Gridlock in Atlanta.
This article originally appeared on Conor Sen's personal site and was published by the Atlantic. It is reproduced here as part of the Climate Desk collaboration.
I know what you’re thinking (I grew up outside of D.C. and Boston): "How can 2 inches of snow shut down Atlanta?"
Before I got here, I thought that too. I wonder it every time there's a run on the grocery stores before a storm, or when some other city cancels schools before a flake has even hit the ground.
And surely, the drivers play a part. I was out getting coffee around noon yesterday, just when things were starting to get bad (at the time there was, at most, a half inch of snow on the ground), and set out to drive my 2 miles home, a straight shot on a fairly major surface street. It took me around 30 minutes. Part of the reason was one of the drivers in front of me (with Tennessee plates) was going 5 miles-per-hour in a 35 miles-per-hour zone with no cars in front of them. But even with my car—2013 model, 10,000 miles on it—I was skidding at times on the gentle incline of a street that hadn't been treated with sand/salt/gravel at all.
My wife left work in Woodstock, a city 30-35 miles northwest of here, a little after noon yesterday, and took 3.5 hours to get home. She was one of the lucky ones.
Yes, Atlanta has many drivers who are inexperienced in the snow, but for a region that gets a storm (I know, I know "2 inches = storm") like this at most once every few years, how is anyone supposed to be experienced in the snow? How do you think San Francisco would handle a couple inches of snow? Going north/south on Franklin or Gough, or east/west on Fell or Oak? How do you think the N-Judah out in Cole Valley or the Sunset would handle it? This is a metro area of 6 million people, and it's time to think beyond "those silly southern drivers."
Metro areas of 6 million people need to be prepared for anything.
Which leads into the blame game. Republicans want to blame government (a Democrat thing) or Atlanta (definitely a Democrat thing). Democrats want to blame the region's dependence on cars (a Republican thing), the state government (Republicans), and many of the transplants from more liberal, urban places feel the same way you might about white, rural, southern drivers. All of this is true to some extent but none of it is helpful.
How much money do you set aside for snowstorms when they're as infrequent as they are? Who will run the show—the city, the county, or the state? How will preparedness work? You could train everyone today, and then if the next storm hits in 2020, everyone you've trained might have moved on to different jobs, with Atlanta having a new mayor and Georgia having a new governor.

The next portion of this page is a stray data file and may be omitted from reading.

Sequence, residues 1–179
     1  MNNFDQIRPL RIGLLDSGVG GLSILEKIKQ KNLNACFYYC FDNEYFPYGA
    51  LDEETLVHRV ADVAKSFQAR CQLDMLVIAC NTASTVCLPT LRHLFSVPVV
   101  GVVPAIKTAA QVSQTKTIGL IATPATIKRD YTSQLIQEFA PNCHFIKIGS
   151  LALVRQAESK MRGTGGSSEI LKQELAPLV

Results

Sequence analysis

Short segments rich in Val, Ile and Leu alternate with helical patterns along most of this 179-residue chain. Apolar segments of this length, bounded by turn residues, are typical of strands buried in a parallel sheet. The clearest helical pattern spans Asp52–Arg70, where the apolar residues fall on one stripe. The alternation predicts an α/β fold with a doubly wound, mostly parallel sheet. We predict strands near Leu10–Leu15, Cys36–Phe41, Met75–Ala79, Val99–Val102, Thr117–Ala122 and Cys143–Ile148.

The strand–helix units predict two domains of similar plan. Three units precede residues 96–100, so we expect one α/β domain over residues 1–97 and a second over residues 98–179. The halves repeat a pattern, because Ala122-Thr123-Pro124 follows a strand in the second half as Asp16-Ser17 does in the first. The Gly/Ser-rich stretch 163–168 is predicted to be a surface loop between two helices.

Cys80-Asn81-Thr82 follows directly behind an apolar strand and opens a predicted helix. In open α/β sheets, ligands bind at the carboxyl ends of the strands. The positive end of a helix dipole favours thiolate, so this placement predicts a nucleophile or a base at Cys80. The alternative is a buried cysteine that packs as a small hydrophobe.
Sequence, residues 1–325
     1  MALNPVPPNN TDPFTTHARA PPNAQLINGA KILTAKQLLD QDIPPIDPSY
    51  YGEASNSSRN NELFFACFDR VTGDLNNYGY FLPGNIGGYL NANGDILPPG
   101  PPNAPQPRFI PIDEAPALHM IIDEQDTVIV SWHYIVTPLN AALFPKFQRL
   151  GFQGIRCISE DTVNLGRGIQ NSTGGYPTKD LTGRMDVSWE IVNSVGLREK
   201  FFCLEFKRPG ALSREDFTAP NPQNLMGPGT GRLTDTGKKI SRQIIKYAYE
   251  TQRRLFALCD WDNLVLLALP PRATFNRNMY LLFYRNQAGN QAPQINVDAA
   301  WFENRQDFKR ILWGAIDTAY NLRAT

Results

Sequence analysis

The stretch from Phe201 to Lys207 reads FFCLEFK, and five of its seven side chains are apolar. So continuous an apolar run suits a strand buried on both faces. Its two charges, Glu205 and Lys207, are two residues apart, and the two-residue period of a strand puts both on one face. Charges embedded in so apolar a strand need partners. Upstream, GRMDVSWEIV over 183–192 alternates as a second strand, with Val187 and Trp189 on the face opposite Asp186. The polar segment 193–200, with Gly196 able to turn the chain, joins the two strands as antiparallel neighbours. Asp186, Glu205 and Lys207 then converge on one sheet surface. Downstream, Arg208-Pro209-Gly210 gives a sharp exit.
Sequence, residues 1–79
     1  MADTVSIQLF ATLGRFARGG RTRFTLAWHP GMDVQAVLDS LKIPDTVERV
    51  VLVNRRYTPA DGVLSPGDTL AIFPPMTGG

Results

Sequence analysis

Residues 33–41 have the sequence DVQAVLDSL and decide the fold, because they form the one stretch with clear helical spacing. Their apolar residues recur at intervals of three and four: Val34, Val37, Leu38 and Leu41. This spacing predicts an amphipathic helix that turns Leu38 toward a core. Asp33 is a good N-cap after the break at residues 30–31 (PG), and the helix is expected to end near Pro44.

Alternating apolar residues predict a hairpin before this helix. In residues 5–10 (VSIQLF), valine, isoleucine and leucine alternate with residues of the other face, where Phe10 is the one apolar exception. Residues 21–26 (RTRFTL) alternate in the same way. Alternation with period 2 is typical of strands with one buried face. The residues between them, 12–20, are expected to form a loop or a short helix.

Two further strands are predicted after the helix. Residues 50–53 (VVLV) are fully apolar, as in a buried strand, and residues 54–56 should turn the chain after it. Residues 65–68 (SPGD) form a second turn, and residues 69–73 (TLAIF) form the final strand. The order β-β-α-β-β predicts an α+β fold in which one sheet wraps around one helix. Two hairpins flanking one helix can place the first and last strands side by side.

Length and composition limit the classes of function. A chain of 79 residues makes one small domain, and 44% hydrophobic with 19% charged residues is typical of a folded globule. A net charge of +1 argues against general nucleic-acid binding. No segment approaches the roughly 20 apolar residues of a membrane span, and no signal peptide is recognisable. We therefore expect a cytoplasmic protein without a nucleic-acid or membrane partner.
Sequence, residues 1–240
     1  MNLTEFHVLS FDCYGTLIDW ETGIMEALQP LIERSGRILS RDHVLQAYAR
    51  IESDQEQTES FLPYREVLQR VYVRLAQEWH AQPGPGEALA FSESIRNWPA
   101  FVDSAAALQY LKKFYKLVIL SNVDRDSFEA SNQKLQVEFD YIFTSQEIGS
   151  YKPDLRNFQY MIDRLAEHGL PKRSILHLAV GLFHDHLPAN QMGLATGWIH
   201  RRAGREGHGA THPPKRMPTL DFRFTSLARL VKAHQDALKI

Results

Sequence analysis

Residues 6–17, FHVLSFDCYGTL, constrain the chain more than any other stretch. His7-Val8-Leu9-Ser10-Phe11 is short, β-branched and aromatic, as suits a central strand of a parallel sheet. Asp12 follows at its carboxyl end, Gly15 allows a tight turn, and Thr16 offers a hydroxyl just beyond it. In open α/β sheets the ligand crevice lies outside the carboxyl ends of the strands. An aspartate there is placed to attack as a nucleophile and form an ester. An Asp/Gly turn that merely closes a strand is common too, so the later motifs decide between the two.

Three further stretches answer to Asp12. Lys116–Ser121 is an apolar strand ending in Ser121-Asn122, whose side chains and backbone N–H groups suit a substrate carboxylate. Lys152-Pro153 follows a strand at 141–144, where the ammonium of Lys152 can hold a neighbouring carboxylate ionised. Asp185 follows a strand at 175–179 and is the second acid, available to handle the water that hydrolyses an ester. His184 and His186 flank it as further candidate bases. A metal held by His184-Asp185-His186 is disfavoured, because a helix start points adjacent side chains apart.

Regionalism here is hard. The population of this state has doubled in the past 40-45 years, and many of the older voters who control it still think of it as the way it was when they were growing up. The urban core of Atlanta is a minority participant in a state government controlled by rural and northern Atlanta exurban interests. The state government gives MARTA (Atlanta's heavy rail transportation system) no money. There's tough regional and racial history here which is both shameful and a part of the inheritance we all have by being a part of this region. Demographics are evolving quickly, but government moves more slowly. The city in which I live, Brookhaven, was incorporated in 2012. This is its first-ever snowstorm (again, 2 inches). It's a fairly affluent, mostly white, urban small city. We were unprepared too.
The issue is that you have three layers of government—city, county, state—and none of them really trust the other. And why should they? Cobb County just "stole the Braves" from the city of Atlanta. Why would Atlanta cede transportation authority to a regional body when its history in dealing with the region/state has been to carve up Atlanta with highways and never embrace its transit system? Why would the region/state want to give more authority to Atlanta when many of the people in the region want nothing to do with the city of Atlanta unless it involves getting to work or a Braves game?
The region tried, in a very tough economy and political year (2012), to pass a comprehensive transportation bill, a T-SPLOST, funded by a sales tax. It wasn't perfect, but it was an attempt to do something. The Sierra Club opposed it because it didn't feature enough transit. The NAACP opposed it because it didn't have enough contracts for minority businesses. The tea party opposed it because it was a tax. That's politics in the 2010s. You may snicker, but how good a job has any major city done with big transportation projects over the past 30 years?
As anyone paying attention knows, Atlanta's finally moving in the right direction. The Beltline build-out is underway and reshaping neighborhoods. Downtown is finally getting some investment, and we'll see how useful it is, but it's building a streetcar that will be up and running this year, with plans in the works for extensions. More and more counties in the region are tipping from red to purple/blue (Henry, Gwinnett, soon Cobb), which should help ease some of the racial and partisan tensions associated with regionalism. Most of the development dollars in a region driven by real estate are now flowing to urban, walkable projects. There are increasingly serious conversations about extending MARTA to the north and east. We've become one of the top 3 markets in the country for electric vehicle sales.
But clearly, there's work to be done.